Tuned quasiparticle injection and extraction in non-equlibrium superconductors
Quasiparticle (qp) poisoning is an ever-present issue that appears in the majority of devices with superconducting components. Even at temperatures well below the transition to the normal state, the bare operation of the devices or external radiation can produce undesired excitations in the superconductor. Here , we present a controlled method for injection and extraction of qps which can help study their transport dynamics as well as show how to reduce them in a controlled manner. We use a superconductor--insulator--normal-metal--insulator--superconductor (SINIS) single-electron transistor (SET) as a turnstile for single electrons which is a robust single-electron current emitter and a candidate for a current standard. In this platform, excitations are injected one-by-one from the periodically gate-driven normal-metal island into both superconducting leads. Which can be probed by means of measuring the heat injected into the leads with an in-situ thermometer. Moreover, the measured current is closer to the desired value of one electron per driving cycle when the leads are absent of non-equilibrium excitations acting also as a probe for the qp density. We use this property for showing qp extraction with biased SIS junctions and for demonstrating the tunability of the qp extraction power. As a result, the turnstile current improves by varying the SIS junction bias, approaching its ideal value. The extraction method proves to be able to extract also the quiescent background excitations in a wide range of operation frequencies. Additionally, the probing method allows us to quantitatively asses the present qp density and the amount of extracted excitations. At the highest injection rate of 240 MHz we obtain a reduction of the density by an order of magnitude in the most efficient extraction regime.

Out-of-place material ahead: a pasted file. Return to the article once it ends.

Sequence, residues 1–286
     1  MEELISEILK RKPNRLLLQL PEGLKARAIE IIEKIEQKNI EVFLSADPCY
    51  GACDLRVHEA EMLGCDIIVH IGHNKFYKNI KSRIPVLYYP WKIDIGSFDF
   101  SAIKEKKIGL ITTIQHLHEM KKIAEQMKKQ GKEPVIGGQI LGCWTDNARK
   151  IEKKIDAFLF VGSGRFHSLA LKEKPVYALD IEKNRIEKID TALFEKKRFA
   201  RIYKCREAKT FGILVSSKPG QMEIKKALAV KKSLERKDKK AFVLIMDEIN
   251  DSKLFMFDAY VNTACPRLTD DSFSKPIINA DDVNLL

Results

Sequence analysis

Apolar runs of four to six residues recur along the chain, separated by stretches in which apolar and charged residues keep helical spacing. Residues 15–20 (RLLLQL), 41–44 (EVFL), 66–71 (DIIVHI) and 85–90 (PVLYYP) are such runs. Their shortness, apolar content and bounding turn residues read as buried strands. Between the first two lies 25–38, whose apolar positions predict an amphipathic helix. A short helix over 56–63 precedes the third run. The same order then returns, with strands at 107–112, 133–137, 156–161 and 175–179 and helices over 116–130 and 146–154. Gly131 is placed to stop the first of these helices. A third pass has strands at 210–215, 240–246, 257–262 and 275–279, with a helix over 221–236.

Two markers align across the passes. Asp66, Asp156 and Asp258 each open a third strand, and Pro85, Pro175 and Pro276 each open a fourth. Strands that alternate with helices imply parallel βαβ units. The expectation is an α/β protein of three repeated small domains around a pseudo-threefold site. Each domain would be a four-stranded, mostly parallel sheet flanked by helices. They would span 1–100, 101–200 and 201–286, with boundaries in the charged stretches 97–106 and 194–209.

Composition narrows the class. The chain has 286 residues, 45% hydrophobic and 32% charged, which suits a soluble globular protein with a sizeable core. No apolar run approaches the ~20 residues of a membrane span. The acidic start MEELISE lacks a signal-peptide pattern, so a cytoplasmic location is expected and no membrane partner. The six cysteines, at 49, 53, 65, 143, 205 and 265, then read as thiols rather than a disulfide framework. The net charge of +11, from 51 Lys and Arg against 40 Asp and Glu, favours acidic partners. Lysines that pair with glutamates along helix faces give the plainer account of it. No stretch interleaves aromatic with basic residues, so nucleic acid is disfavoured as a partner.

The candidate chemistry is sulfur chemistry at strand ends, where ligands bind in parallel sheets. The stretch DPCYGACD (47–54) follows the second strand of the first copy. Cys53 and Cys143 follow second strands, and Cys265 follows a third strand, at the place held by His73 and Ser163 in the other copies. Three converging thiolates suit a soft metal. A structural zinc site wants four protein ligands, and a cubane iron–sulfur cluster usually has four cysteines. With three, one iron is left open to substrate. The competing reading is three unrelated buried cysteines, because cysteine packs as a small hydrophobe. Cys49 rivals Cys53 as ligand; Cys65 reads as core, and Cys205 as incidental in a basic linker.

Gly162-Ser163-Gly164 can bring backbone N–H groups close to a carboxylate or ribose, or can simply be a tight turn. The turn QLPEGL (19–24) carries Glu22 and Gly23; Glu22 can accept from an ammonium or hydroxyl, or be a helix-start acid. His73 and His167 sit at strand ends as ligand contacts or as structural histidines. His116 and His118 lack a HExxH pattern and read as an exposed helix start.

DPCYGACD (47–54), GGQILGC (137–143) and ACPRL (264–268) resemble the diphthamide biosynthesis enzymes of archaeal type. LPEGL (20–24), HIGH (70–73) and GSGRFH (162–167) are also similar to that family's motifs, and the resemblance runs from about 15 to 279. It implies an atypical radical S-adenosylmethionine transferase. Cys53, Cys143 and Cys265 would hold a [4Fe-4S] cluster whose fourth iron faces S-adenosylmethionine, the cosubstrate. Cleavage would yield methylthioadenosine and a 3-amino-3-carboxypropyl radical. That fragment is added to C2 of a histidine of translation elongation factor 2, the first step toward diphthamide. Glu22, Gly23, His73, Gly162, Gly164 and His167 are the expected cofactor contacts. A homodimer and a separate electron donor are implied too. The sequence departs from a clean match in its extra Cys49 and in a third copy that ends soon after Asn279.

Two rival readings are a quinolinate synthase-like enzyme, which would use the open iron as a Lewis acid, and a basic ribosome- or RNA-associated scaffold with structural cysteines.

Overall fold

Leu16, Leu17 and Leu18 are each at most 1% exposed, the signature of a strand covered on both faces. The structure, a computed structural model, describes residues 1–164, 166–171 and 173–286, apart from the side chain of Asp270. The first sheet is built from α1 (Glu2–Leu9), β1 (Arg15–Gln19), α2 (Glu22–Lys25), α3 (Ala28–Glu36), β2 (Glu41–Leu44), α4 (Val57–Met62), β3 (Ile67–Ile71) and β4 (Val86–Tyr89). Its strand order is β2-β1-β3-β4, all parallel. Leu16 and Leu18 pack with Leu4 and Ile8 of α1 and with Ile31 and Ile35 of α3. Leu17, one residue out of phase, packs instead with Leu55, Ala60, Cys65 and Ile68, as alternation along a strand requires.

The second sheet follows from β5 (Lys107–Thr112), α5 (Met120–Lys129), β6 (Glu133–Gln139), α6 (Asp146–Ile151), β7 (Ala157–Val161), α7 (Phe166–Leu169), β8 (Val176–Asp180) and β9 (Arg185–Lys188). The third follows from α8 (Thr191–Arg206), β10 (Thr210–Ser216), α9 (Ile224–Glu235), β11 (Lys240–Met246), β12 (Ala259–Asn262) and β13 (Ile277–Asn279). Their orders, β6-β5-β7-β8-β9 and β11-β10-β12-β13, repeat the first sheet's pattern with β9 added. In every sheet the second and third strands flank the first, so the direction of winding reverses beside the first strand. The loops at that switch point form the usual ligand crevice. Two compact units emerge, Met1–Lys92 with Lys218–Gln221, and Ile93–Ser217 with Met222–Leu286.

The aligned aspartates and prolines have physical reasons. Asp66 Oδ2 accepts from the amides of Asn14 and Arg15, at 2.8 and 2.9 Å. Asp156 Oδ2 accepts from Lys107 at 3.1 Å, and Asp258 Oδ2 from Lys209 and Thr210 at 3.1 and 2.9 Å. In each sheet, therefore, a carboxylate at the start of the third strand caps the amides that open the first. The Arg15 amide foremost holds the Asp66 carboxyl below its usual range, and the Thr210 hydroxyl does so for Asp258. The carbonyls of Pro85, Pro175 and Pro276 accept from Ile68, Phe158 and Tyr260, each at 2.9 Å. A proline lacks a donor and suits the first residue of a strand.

M. Marı́n-Suárez, J. T. Peltonen, and J. P. Pekola. Active quasiparticle suppression in a non-equilibrium superconductor. Nano Letters, 20(7):5065–5071.